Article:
24 November 2007

Publishing for money

The Top Seven Reasons Publishers Reject Nonfiction Book Proposals
Copyright © 2007 Gail Richards

Publishers are deluged with manuscripts and book proposals, and must review thousands each year in hopes of finding the few that will become high-quality, best selling books. What authors don't know is that publishers reject most of these after spending less than one minute reviewing them.

Many book proposals are sent to publishers that aren't ever going to be in the market for that type of book. Many others are sent without checking to see what the publisher is looking for, so the book proposal isn't developed fully enough to convince the publisher that a good book could be written by this author.

A book proposal is like a business plan for your book. If you don't convince the publisher that this is a popular enough subject to sell substantial number of books, and that you are the best author for the project due to your background and experience, and that you will be able to help sell the book effectively, then your project has little chance of being accepted.

Publishers and acquisitions editors weigh in to explain why some book proposals and manuscripts simply do not make it into serious consideration. Avoid these and your manuscript has a real chance of acceptance.

1. Proposal is weak – The proposal doesn't make a strong case for why this topic and this author are likely to make a profitable book.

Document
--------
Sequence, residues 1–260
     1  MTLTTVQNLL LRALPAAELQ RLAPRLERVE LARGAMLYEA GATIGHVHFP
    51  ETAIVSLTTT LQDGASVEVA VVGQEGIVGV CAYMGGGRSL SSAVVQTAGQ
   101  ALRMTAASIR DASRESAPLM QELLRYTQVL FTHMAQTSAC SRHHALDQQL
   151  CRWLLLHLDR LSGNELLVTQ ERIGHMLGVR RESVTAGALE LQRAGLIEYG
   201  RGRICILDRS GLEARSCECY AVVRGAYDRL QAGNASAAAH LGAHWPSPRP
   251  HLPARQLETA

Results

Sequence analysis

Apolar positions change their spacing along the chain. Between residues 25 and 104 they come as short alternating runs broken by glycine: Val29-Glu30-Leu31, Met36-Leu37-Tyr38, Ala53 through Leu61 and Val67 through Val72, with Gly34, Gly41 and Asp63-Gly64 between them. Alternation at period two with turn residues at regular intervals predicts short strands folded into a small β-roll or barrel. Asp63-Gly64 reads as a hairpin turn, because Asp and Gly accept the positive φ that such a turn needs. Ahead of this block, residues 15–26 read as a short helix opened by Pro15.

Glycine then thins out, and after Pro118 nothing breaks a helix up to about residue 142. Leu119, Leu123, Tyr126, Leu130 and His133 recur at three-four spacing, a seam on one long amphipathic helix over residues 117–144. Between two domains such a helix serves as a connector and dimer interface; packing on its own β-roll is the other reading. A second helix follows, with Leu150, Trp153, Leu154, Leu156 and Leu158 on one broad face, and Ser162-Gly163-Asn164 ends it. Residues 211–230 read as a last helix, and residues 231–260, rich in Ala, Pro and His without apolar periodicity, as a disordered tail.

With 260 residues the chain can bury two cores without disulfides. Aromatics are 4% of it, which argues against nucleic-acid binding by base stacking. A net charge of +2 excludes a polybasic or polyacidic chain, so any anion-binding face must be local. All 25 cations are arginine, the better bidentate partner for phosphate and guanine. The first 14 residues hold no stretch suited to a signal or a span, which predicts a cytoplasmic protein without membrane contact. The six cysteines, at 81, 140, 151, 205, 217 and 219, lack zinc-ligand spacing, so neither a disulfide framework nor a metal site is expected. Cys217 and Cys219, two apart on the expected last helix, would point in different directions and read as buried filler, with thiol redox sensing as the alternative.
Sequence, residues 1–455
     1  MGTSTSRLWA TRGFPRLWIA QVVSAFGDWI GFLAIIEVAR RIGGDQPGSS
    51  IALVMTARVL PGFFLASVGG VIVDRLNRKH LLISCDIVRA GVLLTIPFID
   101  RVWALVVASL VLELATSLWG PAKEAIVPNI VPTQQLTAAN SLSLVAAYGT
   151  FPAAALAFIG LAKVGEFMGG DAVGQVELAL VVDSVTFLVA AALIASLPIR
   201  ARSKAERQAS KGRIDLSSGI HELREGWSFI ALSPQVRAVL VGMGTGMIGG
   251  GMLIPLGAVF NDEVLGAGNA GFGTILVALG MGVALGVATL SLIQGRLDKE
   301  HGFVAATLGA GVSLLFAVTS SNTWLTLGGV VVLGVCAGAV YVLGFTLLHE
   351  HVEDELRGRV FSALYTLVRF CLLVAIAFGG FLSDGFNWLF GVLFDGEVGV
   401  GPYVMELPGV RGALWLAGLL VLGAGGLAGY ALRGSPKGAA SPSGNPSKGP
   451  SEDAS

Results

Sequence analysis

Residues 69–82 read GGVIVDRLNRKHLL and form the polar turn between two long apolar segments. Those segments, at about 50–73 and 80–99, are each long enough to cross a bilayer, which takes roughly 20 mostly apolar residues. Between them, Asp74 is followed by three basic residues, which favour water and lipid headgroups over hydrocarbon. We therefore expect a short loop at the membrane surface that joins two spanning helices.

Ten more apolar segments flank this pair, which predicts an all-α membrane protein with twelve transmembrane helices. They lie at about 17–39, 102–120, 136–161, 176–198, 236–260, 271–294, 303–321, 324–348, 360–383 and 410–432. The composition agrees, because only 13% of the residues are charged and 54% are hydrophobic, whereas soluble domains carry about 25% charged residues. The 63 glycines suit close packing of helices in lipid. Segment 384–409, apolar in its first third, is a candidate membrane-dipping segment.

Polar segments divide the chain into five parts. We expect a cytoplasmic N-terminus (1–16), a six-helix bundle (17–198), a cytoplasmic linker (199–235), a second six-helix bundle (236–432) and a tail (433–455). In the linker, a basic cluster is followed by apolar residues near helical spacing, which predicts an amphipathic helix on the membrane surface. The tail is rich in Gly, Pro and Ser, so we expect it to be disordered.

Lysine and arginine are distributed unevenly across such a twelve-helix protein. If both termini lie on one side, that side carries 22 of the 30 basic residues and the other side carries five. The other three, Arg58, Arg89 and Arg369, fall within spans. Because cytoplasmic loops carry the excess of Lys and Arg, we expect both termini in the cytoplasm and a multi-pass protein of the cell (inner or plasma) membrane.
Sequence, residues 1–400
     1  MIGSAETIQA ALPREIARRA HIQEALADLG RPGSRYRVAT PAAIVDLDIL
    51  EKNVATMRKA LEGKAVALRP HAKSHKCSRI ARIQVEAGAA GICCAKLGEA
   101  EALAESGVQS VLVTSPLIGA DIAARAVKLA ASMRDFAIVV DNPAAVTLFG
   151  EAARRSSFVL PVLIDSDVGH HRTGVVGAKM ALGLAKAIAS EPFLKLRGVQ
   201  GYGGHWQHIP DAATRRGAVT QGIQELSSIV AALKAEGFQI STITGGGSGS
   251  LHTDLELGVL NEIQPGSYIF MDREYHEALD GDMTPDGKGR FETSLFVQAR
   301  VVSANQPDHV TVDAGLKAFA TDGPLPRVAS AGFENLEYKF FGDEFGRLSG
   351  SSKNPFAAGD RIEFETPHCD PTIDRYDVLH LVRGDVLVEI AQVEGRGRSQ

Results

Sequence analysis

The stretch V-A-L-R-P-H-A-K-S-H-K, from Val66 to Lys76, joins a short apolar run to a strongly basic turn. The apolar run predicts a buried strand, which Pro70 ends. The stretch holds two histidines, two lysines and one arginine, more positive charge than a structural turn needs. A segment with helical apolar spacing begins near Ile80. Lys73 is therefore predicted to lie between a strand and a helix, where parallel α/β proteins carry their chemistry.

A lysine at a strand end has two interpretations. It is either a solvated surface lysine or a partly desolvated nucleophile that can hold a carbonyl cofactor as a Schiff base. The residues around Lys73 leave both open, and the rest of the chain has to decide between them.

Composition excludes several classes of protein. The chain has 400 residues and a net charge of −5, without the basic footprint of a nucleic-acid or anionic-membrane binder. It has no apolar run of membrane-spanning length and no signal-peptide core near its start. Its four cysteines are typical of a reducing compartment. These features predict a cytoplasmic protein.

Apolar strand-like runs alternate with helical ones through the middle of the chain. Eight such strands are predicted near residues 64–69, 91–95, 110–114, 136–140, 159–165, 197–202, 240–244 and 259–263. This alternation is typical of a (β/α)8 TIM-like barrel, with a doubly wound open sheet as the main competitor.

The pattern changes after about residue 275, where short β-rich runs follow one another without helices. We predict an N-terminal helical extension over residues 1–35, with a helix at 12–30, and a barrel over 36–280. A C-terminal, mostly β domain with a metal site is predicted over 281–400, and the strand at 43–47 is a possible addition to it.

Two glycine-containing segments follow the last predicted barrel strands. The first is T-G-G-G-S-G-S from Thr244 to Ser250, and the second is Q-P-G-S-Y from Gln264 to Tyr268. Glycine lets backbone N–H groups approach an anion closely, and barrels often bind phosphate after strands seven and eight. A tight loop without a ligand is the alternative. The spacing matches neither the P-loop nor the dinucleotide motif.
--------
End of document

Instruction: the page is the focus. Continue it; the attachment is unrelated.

2. Nothing new – The approach to this topic doesn't differentiate itself enough to rise above the other books already available.

3. Author/audience connection not made – Author's platform is not developed enough to show the author would be a viable salesperson – the database is too small or there is no direct reach such as a speaking schedule or a well-read blog or newsletter.

4. Writing not polished or compelling – The sample chapters weren't ready for prime time – extensive use of passive voice, excessive use of exclamation points or all caps, no statistics, stories or examples.

5. Not right for the publisher – Either this is not a market the publisher is currently in or the editor/publisher isn't convinced that he or she wants to jump into this market with this book.

6. Author wrote a journal – The book was written for and about the author, not an identified audience. Personal life stories, in general, are not commercially viable unless you are a famous person or have done or lived through something extraordinary or of significance (made it to the top of Mt. Everest, survived a shipwreck, not just making it through a rough childhood).

7. Unsolicited manuscript – There is no personal connection between the editor/publisher and the author that would make the editor give the proposal more than a quick once over.

Get help with your book proposal. Have a number of people who have been through the process read it and help you make sure it meets all the criteria. Polish it and polish it until you make the best case you can for the publisher to seriously consider making an investment of time and money in you and your book.

Gail Richards is founder of http://www.AuthorSmart.com a dynamic website connecting aspiring authors with the classes, audio library, tools, information and resources needed to make smart, informed decisions at each step in the nonfiction book publishing journey. Jan King is the founder of http://www.eWomenPublishingNetwork.com a membership organization devoted to supporting and coaching women who become successfully published nonfiction authors.



Post a Comment

<< Home